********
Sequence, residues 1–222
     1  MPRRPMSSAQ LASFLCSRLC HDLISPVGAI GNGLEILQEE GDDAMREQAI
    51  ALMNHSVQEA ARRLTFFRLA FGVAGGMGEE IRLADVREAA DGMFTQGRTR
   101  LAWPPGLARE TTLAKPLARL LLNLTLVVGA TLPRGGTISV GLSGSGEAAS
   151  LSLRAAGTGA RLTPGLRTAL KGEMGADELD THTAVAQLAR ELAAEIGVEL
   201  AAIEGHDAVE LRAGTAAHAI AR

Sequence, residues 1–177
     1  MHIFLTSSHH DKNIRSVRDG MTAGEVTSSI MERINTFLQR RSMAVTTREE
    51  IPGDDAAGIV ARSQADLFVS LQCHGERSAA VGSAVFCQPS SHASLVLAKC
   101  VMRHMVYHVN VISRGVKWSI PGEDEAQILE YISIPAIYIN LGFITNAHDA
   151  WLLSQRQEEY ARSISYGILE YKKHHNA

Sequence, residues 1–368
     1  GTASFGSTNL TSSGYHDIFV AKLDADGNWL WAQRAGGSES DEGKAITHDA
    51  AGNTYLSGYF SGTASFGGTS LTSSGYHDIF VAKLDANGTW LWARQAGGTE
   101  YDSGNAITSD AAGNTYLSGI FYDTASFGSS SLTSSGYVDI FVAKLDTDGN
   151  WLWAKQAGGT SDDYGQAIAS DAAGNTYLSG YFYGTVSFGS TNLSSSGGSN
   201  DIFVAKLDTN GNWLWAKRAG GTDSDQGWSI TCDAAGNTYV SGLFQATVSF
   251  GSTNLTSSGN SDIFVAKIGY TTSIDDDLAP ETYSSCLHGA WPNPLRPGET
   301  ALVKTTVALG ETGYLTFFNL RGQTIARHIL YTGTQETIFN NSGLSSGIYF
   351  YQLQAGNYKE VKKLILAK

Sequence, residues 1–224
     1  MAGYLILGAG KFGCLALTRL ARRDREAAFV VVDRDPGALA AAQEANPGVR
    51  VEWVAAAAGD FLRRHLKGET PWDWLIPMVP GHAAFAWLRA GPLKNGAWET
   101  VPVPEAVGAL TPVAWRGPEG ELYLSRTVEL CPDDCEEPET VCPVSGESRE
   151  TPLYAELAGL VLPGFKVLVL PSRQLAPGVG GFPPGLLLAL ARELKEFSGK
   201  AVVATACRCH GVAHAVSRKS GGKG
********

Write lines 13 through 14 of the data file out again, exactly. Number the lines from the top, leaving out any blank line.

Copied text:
     1  GTASFGSTNL TSSGYHDIFV AKLDADGNWL WAQRAGGSES DEGKAITHDA
    51  AGNTYLSGYF SGTASFGGTS LTSSGYHDIF VAKLDANGTW LWARQAGGTE